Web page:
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DUKE Duke Capital Limited

-0.50 (-1.50%)
24 May 2024 - Closed
Delayed by 15 minutes
Share Name Share Symbol Market Stock Type
Duke Capital Limited DUKE London Ordinary Share
  Price Change Price Change % Share Price Last Trade
-0.50 -1.50% 32.75 11:09:11
Open Price Low Price High Price Close Price Previous Close
33.00 32.75 33.25 32.75 33.25
more quote information »
Industry Sector

Duke Capital DUKE Dividends History

Announcement Date Type Currency Dividend Amount Ex Date Record Date Payment Date

Top Dividend Posts

Top Posts
Posted at 20/5/2024 10:05 by tag57
Stagvalley, I was previously invested in Duke, but was not happy with the quality of some of the businesses and of the opinion that the 6%royalty on their sales was a real drag on the businesses.
Personally I think there are bigger and better established BDCs in the US with better yields.
Posted at 20/5/2024 09:38 by stagvalley
If we separate share price movements from an assessment of the company, does anyone have concerns about their risk profile and investments? From my perspective it all looks good. The share price hasn't gone anywhere over the last few years but I like the business model and the dividend is strong, seemingly robust, and growing. Apart from disappointment in share price growth, I'd be interested if anyone has serious concerns about the business model. The only failed investment I'm aware of is a cruise company during the pandemic. Seems to me a good use of about 5 percent of a portfolio. Anyone disagree?

For the person who finds Advfn unuseable on a phone due to adverts, that was my experience until I got a free version of Avast. Now fine.
Posted at 22/3/2024 08:10 by senttothegallows
With lower interest rates on the horizon this will lead to higher profits and higher dividends for Duke shareholders imho
Posted at 15/3/2024 13:55 by feddie
Duke is a yield play. I doubt there will ever be material capital gain. If they continue increasing revenues they may increase the dividend. The current ~8.5% yield does not need capital gain to qualify as good return.
Posted at 06/3/2024 10:55 by senttothegallows

RNS Number : 7443D

Duke Royalty Limited

01 July 2021

1 July 2021

Duke Royalty Limited

("Duke Royalty", "Duke" or the "Company")

-- The EUR10 million royalty is a 30-year senior secured financing, with monthly payments commencing immediately in July 2021 on Duke's typical investment terms.
Posted at 06/3/2024 07:23 by senttothegallows
Successful Exit of Investment in Fairmed Healthcare AG

Duke Capital Limited (AIM: DUKE), a leading provider of hybrid capital solutions for SME business owners in Europe and North America, is pleased to announce the successful exit of its investment in Fairmed Healthcare AG ("Fairmed"), a Switzerland-based provider of high-quality generic prescription medicines, over-the-counter pharmaceuticals, dermocosmetics and dietary supplements in various EU countries.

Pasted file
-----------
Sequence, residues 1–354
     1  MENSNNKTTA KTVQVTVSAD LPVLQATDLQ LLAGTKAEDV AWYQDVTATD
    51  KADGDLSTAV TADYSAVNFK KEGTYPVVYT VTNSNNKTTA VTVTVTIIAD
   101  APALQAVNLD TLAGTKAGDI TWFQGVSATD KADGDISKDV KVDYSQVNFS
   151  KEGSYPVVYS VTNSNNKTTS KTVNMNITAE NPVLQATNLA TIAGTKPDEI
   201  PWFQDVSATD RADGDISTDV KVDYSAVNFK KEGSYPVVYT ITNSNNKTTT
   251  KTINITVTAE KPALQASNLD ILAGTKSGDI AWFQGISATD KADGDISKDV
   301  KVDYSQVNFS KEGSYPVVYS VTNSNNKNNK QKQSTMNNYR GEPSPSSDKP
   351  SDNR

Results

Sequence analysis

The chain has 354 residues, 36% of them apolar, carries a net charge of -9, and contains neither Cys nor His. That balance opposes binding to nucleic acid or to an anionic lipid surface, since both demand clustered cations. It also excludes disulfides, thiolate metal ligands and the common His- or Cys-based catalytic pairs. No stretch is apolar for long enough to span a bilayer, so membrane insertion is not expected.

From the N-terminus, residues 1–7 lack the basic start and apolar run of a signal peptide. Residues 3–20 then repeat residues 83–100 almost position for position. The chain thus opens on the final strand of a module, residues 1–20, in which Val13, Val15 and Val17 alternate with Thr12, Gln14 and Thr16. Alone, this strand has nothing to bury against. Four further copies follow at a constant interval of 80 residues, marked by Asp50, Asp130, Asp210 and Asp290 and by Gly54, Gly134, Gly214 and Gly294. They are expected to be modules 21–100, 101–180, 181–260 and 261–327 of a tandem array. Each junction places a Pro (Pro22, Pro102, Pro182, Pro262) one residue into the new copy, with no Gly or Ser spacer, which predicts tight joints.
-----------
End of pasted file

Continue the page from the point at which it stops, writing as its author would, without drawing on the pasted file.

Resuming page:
· Headline cash consideration of €11.4 million, providing Duke with additional liquidity for new deployments into its pipeline of long-established, profitable businesses

· Payment of €6.0 million has been received with the balance of €5.4 million to be paid by 31 March 2024

· This represents the seventh exit for Duke, delivering its sixth profitable exit. The exit of Fairmed is at the upper end of the expected rate of return for Duke with no equity participation

· Duke's financing solution enabled Fairmed's management team to retain its minority equity stake, while receiving the capital to support the expansion of its product portfolio

· Duke's investment exit was facilitated by Fairmed's majority owner, Strides Pharma Global Pte Ltd, a fully owned subsidiary of Strides Pharma Science Limited ("Strides"). The prepayment of Duke's investment paves the way for Strides to initiate the next phase of its European strategy, utilising Fairmed to expand and strengthen its presence in the region
Posted at 07/2/2024 06:11 by carcosa
I first bought into DUKE February 2021. I liked the idea of a what was being touted as long terms loans into well researched and run businesses. It seemed relatively low risk, high return and a growth business for DUKE.

Clearly when the pandemic struck practically all businesses were in survival mode and DUKE managed it well.

Around the same time DUKE were taking on equity stakes which to me seemed a reasonable outcome as a consequence of the pandemic. Other businesses also did the same thing e.g. Avation and others. But those equity stakes were supposed to be a short term situation to get over the hump post covid.

Subsequently from the few customers DUKE has that issue financial reports mostly through Companies House some were and had been for years in a distressed situation. One or two clearly rely on DUKE to stay in business. In the long term it 'should' be okay because progress over many years will sort themselves out. However these business's were struggling before DUKE came along and I started to question the robustness (or their parameters) of their due diligence research.